Sanchezia speciosa


Very veiny: The leaves of the sanchezia speciosa are its main feature, far outshining its small, tubular flowers.

Living skeletons

The human body is weird. It’s full of stuff that we’d rather not see; oozing gooey lumps, traily stringy bits, moist, glistening tubes and pulsating blobs all over the place.

They all have their job to do, and they’re all hidden away inside us. There are many people that would prefer them to stay that way, and not to have to witness these things under any circumstances.

Personally, I used to love TV shows like Your Life in Their Hands – operations filmed in great detail with the surgeon providing a running commentary on what he was cutting, splicing and sewing back up again. It was a bit like modifying an engine, with less grubby oil and a lot more blood.

So why is it that everything red and oozy inside the body has the ability to make people quake in their boots at the mere thought of it, yet as soon as all that nastiness is taken away, leaving just the bare bones, the result is somehow the complete opposite – most of us find skeletons rather amusing. Or maybe it’s just me.

Perhaps it’s the blood that does it – maybe that’s what puts so many people off. Surely most of us find those live X-Ray films from the 1950s fascinating? You know the ones – some bloke with a dodgy hair parting operating a machine that showed all the bones in his hand twiddling his fingers.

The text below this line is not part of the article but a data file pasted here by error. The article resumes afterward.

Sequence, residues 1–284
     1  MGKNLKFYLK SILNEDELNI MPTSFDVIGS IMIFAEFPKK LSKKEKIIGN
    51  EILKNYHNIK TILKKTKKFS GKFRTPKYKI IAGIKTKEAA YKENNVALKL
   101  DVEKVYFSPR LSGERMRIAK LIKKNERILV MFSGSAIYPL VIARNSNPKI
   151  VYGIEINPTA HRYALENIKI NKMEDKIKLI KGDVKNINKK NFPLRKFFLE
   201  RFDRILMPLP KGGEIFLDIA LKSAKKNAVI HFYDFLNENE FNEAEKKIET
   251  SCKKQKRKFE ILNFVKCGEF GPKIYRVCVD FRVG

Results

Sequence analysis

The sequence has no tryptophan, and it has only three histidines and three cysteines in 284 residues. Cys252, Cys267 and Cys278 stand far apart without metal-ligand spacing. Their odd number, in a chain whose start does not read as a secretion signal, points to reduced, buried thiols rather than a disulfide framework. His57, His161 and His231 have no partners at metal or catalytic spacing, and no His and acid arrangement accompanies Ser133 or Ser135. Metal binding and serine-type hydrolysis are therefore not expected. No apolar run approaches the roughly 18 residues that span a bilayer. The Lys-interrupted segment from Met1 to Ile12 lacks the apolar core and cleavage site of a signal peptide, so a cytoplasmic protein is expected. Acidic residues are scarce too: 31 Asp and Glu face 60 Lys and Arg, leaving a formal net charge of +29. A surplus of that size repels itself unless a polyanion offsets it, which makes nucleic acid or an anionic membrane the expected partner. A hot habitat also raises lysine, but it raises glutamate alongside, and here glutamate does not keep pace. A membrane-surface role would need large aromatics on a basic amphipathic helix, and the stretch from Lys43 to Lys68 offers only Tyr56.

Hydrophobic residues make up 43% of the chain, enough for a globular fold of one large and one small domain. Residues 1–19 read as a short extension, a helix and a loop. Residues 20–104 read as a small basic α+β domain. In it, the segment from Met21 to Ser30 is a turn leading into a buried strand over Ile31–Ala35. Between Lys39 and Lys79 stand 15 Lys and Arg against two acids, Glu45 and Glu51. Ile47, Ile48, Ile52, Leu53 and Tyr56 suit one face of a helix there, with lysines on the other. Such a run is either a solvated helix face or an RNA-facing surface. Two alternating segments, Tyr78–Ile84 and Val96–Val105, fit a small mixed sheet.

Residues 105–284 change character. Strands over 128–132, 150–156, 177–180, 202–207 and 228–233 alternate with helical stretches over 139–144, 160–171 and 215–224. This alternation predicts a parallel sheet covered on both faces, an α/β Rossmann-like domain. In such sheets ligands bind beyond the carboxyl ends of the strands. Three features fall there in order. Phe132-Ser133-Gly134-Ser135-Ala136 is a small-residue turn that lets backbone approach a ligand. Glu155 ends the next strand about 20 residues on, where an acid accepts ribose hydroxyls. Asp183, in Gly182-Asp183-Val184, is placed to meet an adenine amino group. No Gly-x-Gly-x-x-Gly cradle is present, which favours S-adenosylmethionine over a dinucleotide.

Apart from the obvious hair faux-pas, we weren’t put off at all. OK, we know now that the hapless soul probably popped his clogs a couple of years later due to the massive radiation poisoning brought on by his amazing machine, but as it was only bones we could see, with no yucky red bleeding bits, everyone is happy.

Skeletons are actually rather comical. On TV, Steptoe and Son used a life-sized skeleton in a number of occasions I seem to recall. They were a couple of sad, grubby rag-and-bone men from London who... Sorry – I have the feeling that this will never sound even vaguely funny, no matter how hard I try, if you’ve never seen it.

Okay then – how about those rather dated Doctor movies from the ’50s and ’60s that had more than their fair share of comedic skeletal escapades. You remember them – they were about plummy-accented trainee doctors and their various capers, all of them living in fear of a character called Sir Lancelot Spratt. Anyway, one common theme was pranks involving human skeletons. Well, they were funny at the time.

Even skeletons that were never supposed to be in the least bit amusing end up being hilarious – the film Jason and the Argonauts being a case in point. Were we really supposed to be crawling under our cinema seats with fear when those pathetic, weedy, limp-wristed skeletons appeared? Monsters are supposed to be at least a little bit intimidating, but these things made a daft little rattly sound when they moved, then fell into a pile on the ground when they got hit. Pitiful.

I suppose I should make some attempt at mentioning something in gardens, strangely enough with a bit of a skeleton twist. Do you remember skeleton leaves? We used to think they were incredible as kids, when we used to traipse through the woods and collect these long-dead leaves so that we could take them into science class the next day. “You can see inside, and everything, Miss.”